By Sara Weber
Pew Research Center and Reuters both conducted and released studies this year detailing the media’s continuing shift from print and broadcast to digital. Both reflect major strides being made in digital readership for most news outlets as they work to expand coverage, but they also reveal some contradictory ideas regarding mobile and desktop page views.
In 2015, mobile traffic surpassed desktop traffic for 39 of 50 examined sites, according to Pew. However, Pew also discovered that out of those 50 sites, most showed longer read times on desktops than on mobile devices.
So, if more people are looking at news on their cell phones but spending more time actually reading the news on desktops, how does the media prioritize their coverage? Is it better to focus on mobile development or improving desktop appearances?
Most seem to be focusing on the former.
The New York Times took a strong step to demonstrate to staff how important it is to be aware of mobile story production by blocking them from accessing the homepage on their desktops for a week. In a memo about the move, editors explained that more than half of the Times’ traffic comes from mobile devices and tablets, and that the staff must work to “make mobile an even more central part of everything that we do.”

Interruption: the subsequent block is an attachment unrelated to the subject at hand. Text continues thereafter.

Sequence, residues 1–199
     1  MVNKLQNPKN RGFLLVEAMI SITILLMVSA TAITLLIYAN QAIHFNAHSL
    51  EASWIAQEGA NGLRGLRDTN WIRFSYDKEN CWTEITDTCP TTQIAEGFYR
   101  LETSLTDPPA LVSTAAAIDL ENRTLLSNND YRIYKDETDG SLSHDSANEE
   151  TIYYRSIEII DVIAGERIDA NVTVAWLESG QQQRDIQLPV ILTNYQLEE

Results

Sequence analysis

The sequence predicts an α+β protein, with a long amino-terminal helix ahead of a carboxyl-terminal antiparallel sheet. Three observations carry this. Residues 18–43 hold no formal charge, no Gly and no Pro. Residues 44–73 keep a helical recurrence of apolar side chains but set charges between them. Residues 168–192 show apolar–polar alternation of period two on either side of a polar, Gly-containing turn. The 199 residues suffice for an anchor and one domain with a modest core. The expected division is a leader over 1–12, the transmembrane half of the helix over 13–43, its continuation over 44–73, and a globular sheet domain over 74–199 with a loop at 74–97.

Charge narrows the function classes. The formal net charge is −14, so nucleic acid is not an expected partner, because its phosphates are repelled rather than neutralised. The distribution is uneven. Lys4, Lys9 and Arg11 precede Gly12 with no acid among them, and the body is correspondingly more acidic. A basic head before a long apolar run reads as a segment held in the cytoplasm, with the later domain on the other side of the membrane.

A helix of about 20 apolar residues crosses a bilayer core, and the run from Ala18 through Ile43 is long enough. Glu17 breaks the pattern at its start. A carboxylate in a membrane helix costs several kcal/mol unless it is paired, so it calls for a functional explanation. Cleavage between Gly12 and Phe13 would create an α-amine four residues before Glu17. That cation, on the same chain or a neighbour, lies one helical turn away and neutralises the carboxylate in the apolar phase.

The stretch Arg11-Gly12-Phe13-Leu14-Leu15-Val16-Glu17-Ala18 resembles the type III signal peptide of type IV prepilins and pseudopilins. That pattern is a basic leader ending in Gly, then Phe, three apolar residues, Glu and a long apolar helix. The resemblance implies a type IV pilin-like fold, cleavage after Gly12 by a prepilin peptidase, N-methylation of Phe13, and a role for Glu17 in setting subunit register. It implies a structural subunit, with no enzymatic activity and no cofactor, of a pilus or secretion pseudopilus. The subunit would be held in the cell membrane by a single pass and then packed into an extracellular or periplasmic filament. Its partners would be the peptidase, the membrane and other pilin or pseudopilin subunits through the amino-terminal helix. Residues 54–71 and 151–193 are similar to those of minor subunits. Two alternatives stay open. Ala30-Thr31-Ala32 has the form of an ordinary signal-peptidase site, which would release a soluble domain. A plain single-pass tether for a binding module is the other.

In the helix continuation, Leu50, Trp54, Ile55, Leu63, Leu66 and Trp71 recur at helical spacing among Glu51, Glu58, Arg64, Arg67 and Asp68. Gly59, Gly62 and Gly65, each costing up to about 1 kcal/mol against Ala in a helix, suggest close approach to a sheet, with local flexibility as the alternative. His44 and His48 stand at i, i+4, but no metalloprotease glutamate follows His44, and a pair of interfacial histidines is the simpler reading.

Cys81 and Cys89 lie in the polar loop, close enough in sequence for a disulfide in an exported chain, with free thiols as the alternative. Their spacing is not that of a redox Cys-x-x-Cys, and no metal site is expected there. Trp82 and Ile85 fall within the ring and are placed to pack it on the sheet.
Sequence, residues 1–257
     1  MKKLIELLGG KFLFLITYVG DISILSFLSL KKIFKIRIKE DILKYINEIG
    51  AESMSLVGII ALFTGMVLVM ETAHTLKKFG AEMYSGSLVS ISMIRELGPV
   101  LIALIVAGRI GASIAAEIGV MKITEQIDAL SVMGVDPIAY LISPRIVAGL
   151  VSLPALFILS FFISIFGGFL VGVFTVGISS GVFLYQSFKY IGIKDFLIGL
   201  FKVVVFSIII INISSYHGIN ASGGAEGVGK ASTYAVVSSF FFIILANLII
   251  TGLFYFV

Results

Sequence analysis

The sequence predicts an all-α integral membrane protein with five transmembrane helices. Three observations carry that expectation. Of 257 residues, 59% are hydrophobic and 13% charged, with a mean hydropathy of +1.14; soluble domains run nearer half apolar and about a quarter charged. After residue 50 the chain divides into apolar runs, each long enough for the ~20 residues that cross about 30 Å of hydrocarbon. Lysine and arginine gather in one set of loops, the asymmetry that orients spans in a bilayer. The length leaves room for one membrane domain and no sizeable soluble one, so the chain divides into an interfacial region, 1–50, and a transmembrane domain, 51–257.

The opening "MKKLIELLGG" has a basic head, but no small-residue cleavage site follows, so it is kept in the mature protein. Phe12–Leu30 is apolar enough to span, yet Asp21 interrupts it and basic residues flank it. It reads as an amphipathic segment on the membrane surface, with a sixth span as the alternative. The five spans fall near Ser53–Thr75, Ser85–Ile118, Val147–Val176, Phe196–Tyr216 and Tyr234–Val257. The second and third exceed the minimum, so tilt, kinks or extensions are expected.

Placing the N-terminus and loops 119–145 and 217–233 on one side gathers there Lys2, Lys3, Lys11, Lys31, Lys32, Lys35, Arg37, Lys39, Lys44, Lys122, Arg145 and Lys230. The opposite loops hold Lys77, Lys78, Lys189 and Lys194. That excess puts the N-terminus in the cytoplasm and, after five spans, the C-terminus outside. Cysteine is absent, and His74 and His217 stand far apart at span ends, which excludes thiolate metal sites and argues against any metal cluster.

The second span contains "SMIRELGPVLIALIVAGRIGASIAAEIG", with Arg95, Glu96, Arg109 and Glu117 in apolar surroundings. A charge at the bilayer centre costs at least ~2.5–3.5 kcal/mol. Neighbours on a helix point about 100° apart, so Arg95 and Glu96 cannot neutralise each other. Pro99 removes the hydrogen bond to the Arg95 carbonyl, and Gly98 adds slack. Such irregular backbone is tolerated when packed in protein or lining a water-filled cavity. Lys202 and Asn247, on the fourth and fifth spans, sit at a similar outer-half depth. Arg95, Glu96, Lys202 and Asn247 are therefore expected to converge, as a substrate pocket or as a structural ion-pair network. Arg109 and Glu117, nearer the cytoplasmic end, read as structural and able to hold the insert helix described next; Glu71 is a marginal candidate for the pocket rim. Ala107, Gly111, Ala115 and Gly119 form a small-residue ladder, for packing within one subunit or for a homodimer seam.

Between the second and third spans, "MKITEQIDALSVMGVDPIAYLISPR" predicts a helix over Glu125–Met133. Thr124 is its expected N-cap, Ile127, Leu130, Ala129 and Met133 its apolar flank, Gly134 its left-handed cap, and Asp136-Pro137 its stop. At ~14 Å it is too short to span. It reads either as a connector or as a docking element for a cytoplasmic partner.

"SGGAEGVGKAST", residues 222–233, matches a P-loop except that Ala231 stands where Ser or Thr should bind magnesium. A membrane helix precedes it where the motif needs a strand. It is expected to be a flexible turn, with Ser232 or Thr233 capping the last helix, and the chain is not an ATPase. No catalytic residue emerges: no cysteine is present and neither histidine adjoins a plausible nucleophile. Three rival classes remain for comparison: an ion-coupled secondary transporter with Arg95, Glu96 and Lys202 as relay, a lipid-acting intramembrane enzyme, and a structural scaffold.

Buzzfeed is also prioritizing mobile appearance by installing a mobile preview button for all writers, encouraging them to check before they post. Buzzfeed’s vice president of product Chris Johanesen told Poynter he and staff were noticing large images and embed codes were not translating well to mobile screens. Known for graphic-heavy posts and social media shares, Buzzfeed’s decision to allow all writers to preview their posts allowed contributors to see just how important it is that their work is accessible from all platforms.
Similarly, the Knight Foundation is supporting a new innovation lab at The Guardian based on fostering new ways for the organization to attract and keep mobile readers on its site. After recognizing that more than half of The Guardian’s page views come from mobile devices, and that a good portion of those come from social media sites, The Guardian decided to use the new lab to work with Facebook’s Instant Articles and Apple News, ultimately prioritizing “newsgathering, reporting, publishing and citizen engagement.”
Few organizations are taking steps specifically prioritizing desktop innovation or development over mobile platforms. Research for Pew’s State of the Media shows that readers who access their news on a computer actually spend more time reading the article than those who skim on their phones, but it remains to be seen whether this boost in attention and development for mobile platforms will prompt mobile readers to spend more time engaged with each article.